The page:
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Antibody blockade of semaphorin 4D breaks down barriers to enhance tumoricidal immune infiltration and supports rational immunotherapy combinations
  1. Elizabeth E Evans1,
  2. Siwen Hu-Lieskovan2,
  3. Holm Bussler1,
  4. Sebold Torno1,
  5. Crystal Mallow1,
  6. Christine Reilly1,
  7. Maria Scrivens1,
  8. Ekaterina Klimatcheva1,
  9. Laurie A Winter1,
  10. Renee Kirk1,
  11. Alan Howell1,
  12. Leslie Balch1,
  13. Janaki Veeraraghavan1,
  14. Alan S Jonason1,
  15. John E Leonard1,
  16. Mark Paris1,
  17. Terrence L Fisher1,
  18. Antoni Ribas3,
  19. Ernest S Smith1 and
  20. Maurice Zauderer1
  1. Aff1 grid.422076.5Vaccinex, Inc Rochester NY USA
  2. Aff2 grid.19006.3e0000000096326718David Geffen School of Medicine at UCLA Los Angeles CA USA
  3. Aff3 grid.413083.d0000000091428600University of California at Los Angeles Medical Center Los Angeles CA USA

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Meeting abstracts

Semaphorin 4D (SEMA4D, CD100) and its receptor plexin-B1 are broadly expressed in cancer and expression correlates with invasive disease in several human tumors. SEMA4D normally functions to regulate the motility and differentiation of multiple cell types, including those of the immune, vascular, and nervous systems. In the setting of cancer, we describe a novel immunomodulatory function of SEMA4D in regulating immune cell infiltration and anti-tumor activity. Activity is enhanced in preclinical studies when combined with other immunotherapies, including immune checkpoint blockade inhibition.


In vitro effects of SEMA4D and in vivo blockade of SEMA4D with monoclonal murine antibody was evaluated in preclinical syngeneic models – tumor growth and immune-mediated responses were characterized to evaluate mechanism of action. The safety and tolerability of humanized anti-SEMA4D antibody VX15/2503 was assessed in Phase I clinical trials in oncology.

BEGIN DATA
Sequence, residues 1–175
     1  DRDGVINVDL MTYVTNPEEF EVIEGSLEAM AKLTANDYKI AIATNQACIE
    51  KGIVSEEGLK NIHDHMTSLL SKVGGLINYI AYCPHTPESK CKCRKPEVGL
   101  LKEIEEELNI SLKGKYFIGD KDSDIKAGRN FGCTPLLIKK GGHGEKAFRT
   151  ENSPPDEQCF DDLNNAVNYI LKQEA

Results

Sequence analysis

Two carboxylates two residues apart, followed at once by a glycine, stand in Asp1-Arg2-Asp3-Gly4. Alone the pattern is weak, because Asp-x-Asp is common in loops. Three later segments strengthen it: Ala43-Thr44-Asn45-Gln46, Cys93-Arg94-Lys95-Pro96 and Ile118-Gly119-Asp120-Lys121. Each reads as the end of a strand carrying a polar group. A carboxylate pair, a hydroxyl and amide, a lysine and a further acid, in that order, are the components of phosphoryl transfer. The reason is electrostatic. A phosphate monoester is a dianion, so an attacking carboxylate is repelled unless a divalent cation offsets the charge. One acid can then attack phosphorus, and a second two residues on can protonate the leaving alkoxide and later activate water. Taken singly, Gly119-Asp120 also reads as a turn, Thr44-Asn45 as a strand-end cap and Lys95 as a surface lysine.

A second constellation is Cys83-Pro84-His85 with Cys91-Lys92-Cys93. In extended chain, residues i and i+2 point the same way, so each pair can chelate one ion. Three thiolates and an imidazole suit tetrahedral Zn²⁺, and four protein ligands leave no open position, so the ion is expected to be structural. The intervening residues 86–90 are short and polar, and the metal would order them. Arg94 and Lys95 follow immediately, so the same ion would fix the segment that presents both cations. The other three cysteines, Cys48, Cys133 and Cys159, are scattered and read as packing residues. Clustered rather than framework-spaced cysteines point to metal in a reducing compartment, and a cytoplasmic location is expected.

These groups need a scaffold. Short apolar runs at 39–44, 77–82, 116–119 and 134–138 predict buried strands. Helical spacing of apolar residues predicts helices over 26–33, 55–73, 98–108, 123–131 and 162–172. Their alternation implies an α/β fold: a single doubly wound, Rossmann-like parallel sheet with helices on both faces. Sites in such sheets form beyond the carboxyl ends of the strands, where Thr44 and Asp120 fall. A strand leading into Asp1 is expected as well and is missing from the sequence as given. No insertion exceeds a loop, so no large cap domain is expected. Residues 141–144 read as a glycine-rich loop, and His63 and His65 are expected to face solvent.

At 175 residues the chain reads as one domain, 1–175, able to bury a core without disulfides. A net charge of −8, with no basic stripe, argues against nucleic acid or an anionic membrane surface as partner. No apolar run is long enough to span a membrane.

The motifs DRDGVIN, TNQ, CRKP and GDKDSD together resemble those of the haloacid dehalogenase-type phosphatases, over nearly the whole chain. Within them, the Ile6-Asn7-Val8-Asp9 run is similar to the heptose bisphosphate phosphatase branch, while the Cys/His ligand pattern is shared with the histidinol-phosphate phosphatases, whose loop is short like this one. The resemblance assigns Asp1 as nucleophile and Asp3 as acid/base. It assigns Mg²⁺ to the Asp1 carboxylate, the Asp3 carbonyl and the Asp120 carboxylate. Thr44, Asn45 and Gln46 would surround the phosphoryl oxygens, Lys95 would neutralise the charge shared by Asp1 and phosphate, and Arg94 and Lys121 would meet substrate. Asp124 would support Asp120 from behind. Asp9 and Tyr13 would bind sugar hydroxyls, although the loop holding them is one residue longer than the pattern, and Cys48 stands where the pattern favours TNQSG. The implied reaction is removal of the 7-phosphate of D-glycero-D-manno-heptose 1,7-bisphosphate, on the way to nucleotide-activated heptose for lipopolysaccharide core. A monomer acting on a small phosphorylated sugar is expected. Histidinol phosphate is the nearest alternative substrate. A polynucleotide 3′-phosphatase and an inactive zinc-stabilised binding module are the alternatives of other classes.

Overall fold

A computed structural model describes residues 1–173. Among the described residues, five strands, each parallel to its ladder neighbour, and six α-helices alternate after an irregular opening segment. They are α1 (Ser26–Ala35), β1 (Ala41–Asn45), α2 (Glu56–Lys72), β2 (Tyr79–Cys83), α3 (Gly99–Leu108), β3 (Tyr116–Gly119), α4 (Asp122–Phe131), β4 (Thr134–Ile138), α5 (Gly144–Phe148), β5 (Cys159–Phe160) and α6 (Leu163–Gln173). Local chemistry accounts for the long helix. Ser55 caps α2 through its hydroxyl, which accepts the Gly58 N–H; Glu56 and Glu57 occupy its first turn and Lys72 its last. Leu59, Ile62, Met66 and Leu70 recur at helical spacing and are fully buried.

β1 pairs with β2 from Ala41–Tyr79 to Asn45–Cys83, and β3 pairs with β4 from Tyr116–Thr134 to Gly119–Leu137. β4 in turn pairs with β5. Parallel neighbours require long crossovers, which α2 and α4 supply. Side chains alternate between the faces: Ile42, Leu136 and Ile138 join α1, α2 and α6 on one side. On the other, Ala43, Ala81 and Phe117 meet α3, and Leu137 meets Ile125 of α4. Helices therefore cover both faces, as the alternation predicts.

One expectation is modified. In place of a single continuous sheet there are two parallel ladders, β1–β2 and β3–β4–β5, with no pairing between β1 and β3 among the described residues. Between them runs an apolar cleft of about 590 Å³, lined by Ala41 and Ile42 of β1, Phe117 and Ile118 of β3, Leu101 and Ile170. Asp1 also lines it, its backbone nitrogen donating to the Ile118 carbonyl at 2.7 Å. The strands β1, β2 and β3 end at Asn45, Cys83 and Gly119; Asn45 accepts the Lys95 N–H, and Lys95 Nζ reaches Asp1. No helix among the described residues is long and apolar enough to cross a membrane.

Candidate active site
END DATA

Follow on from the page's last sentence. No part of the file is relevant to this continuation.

SEMA4D restricts migration of macrophage cell lines in vitro. Strong expression of SEMA4D at the invasive margins of actively growing in vivo tumors modulates the infiltration and spatial distribution of leukocytes in the tumor microenvironment (TME). Antibody neutralization of SEMA4D disrupts this gradient and facilitates recruitment of activated antigen presenting cells and T lymphocytes into the TME, shifting the balance of cytokines toward increased Th1 and reduced immunosuppressive cytokines. This orchestrated change in the tumor architecture was associated with durable tumor rejection and immunologic memory in preclinical models. Importantly, the immunomodulatory activity of anti-SEMA4D antibody can be further enhanced by combination with other immunotherapies, including immune checkpoint inhibition and chemotherapy. Strikingly, the combination of anti-SEMA4D antibody with antibody to CTLA-4 acts synergistically to promote complete tumor rejection, with significant 58% increase in tumor regression and maximal increase in survival, as compared to monotherapy.

Treatment with anti-SEMA4D antibodies was well tolerated in nonclinical and clinical studies, including completion of a Phase I prospective multiple ascending dose trial in patients with advanced refractory solid tumors. Weekly doses of between 0.3 and 20 mg/kg were administered; no MTD was determined. Patients with the longest duration of treatment, 48-55 weeks, included colorectal, breast, and a papillary thyroid patient, who had a partial response by RECIST. Progression free survival correlated with elevated baseline lymphocyte counts, supporting an immune mediated mechanism of action for VX15/2503.


Inhibition of SEMA4D represents a novel mechanism and therapeutic strategy to promote functional immune infiltration into the tumor and inhibit tumor progression. A Phase Ib/IIa trial of combination therapy with immune checkpoint inhibition is planned.